Provide your team with a simple sales toolkit comprising templates for sales planning, target identification, daily/weekly time management, employer and job profiling, and annual reviews. Share answers to common employer objections they are likely to face. Check their understanding of each tool’s purpose and follow up their use by asking for completed examples.

5. Recruit, develop and reward proactive consultants

Good business developers are extremely hard to attract to employment services. So, when you have one with high potential, you must constantly develop and reward their performance. Stick to your commitments to support and coach your team, enquire about their daily plans, conduct post appointment debriefs, regularly attend employer meetings and review sales outcomes. They will crave the attention! We encourage leaders to reserve time in your weekly diary to attend new business meetings – those who do really enjoy the experience and learn a great deal.

6. Induct new recruits in strategy, processes, and systems

Your employer engagement team must know where they sit in the bigger picture. Induction is the ideal time. They need to understand the sales strategy, how your processes or sales framework is applied, and the role of your organisation’s customer relationship management platform. We have met many confused consultants who were never properly inducted! Despite their high potential, they inevitably leave the organisation and impact your employment brand.

7. Create a reliable and pragmatic system for sales forecasting

It is almost impossible to achieve sales targets if you don’t know where you are going. In a conversation between Alice and the Cheshire Cat in Alice in Wonderland, Alice came to a fork in the road and saw a Cheshire Cat in a tree. “Which road do I take?” she asked. “Where do you want to go?” replied the cat. “I don’t know,” Alice answered. “Then,” said the cat, “it doesn’t matter which road you take.” Line managers must have a fair idea of how their team is going to achieve its sales target each month, quarter, half year, and full year. This requires understanding which employers are likely to deliver placements and when this will happen. Having no plan leads to stress and anxiety month in, month out!

8. Track progress at employer and consultant level

Effective monitoring is not micro-management. It is keeping abreast of how a team (or individual) is progressing against an agreed benchmark. Knowing what your people are up to and what they are trying to achieve negates the need for micro-management. If you know, you don’t need to keep asking them! Line managers need to be aware of how your team are performing (recent results), what they have currently in the mix (pipeline, work-in-progress, or funnel) and what they intend to do soon (pre-commitment).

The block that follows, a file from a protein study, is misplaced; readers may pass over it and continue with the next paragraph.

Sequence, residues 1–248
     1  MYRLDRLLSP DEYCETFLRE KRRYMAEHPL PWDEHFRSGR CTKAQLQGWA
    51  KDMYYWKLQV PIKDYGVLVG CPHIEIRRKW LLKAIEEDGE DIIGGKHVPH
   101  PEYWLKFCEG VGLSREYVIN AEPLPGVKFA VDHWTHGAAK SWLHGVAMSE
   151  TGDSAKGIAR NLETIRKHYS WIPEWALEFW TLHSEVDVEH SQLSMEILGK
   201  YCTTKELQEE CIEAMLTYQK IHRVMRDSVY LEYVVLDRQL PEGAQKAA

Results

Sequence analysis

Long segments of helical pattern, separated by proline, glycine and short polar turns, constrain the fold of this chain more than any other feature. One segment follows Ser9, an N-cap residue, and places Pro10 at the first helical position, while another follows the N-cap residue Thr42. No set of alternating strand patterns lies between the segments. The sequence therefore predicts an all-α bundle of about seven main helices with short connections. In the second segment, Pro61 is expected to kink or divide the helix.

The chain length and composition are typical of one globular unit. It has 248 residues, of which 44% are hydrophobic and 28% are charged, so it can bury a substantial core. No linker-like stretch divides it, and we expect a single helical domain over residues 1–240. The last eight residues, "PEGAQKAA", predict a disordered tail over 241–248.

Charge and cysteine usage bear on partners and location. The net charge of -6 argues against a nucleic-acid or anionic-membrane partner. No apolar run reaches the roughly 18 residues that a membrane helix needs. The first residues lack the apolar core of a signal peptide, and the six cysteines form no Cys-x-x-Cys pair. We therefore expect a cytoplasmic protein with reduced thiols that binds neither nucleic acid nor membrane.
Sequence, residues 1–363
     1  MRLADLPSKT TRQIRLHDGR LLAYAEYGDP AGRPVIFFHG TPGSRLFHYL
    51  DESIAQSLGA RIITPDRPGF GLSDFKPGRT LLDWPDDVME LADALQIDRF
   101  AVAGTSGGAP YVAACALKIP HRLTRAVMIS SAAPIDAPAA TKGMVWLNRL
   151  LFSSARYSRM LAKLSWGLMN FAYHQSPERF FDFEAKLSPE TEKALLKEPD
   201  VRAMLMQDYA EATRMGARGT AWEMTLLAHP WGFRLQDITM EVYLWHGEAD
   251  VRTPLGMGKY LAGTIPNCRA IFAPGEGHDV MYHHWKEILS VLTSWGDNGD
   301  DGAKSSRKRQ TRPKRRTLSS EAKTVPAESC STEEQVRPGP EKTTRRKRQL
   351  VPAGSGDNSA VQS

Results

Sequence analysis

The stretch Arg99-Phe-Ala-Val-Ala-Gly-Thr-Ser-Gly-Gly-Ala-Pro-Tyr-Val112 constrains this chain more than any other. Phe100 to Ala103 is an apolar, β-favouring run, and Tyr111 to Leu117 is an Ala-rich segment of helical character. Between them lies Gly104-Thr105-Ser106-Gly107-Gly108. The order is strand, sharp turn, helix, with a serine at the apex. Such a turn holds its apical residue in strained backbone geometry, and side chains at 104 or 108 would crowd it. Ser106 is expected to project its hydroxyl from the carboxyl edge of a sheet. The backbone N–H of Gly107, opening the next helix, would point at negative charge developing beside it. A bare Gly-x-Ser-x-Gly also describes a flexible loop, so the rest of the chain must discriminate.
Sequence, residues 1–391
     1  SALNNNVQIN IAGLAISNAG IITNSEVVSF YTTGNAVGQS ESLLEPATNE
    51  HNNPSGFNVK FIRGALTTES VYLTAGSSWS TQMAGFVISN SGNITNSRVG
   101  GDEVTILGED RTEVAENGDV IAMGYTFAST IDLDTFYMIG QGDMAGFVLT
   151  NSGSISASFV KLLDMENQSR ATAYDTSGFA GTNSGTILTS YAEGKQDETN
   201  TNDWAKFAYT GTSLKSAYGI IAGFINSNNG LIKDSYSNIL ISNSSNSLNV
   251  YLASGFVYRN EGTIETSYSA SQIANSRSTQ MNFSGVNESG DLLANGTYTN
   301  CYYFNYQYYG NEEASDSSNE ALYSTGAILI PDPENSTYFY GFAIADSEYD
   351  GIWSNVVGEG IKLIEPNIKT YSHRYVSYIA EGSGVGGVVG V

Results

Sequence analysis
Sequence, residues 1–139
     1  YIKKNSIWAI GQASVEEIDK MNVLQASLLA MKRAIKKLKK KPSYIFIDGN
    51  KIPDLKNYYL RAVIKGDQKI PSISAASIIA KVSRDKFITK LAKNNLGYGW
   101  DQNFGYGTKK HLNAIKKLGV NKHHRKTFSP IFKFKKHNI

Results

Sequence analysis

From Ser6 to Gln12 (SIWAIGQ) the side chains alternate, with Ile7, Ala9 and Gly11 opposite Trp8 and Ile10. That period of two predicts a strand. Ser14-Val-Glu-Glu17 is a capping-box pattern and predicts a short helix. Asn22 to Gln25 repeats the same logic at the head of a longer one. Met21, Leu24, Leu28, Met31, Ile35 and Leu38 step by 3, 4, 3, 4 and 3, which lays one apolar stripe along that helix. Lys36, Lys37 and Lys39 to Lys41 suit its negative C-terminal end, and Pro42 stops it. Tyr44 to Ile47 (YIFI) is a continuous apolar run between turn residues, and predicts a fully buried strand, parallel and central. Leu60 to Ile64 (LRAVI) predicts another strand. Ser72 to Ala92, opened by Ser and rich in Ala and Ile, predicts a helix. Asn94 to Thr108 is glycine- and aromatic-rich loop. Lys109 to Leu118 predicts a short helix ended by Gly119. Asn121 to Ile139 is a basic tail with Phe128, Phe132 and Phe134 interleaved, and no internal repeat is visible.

9. Implement sales reporting to provide insights into performance

Your sales reporting must provide insights into your team’s actual versus potential performance, enabling you as their line manager to “Ask EVA”. EVA stands for “Effort versus Ability”. A team member high on effort and ability is an Asset whilst someone low on both is a potential “Liability”. Frequently, many team members will struggle with motivation and be running on “Auto Pilot” even though they have sales skills. Finally, your newer team members may “Struggle” with adapting their skills to employment services. Understanding where each team member sits in the EVA quadrant model is critical. Objectively determining where they sit is a matter of gathering enough evidence to make your judgement.

10. Delivering constructive, on-the-job sales coaching

  • A one size fits all approach to coaching is not recommended. As your team member may fit in any one of the four EVA quadrants, a different coaching style is needed for each.
  • With Assets, leaders need to consistently acknowledge their performance, allocate required resources; and challenge them to grow their sales skills with more complex activity.
  • With Auto Pilots, their motivation is influenced by internal and/or external factors (often you as their leader!); you need to set clear expectations, develop an agreed strategy to achieve them; and ensure you are not creating obstacles that prevent their productive efforts.
  • With Strugglers, adopt a coaching tyle, high on direction and support; pay close attention to their sales efforts; provide praise to build their confidence and encourage initiative; and undertake joint sales efforts – providing on the spot coaching and feedback after each employer engagement.
  • With Liabilities, provide significant direction, including informal performance counselling where appropriate; arrange for the consultant to undertake a joint sales call with an Asset, demonstrating how the sales process works and what success looks like; create a step-by-step plan on self-development; and closely supervise their performance, planning and prioritisation to guide them along the appropriate path.

When following these “ten things” consistently:

  • Teams know what they should be doing and how they should do it.
  • Leaders become immediately supportive, enthusiastic, and deeply involved.
  • Organisation and business unit goals become achievable, creating a state of calm focus.
  • Hard work delivers performance (outcomes, revenue increases and staff retention), leading to a real feeling of tangible progress within the team.

Go well!

Written and first published for the Institute of Employability Professionals.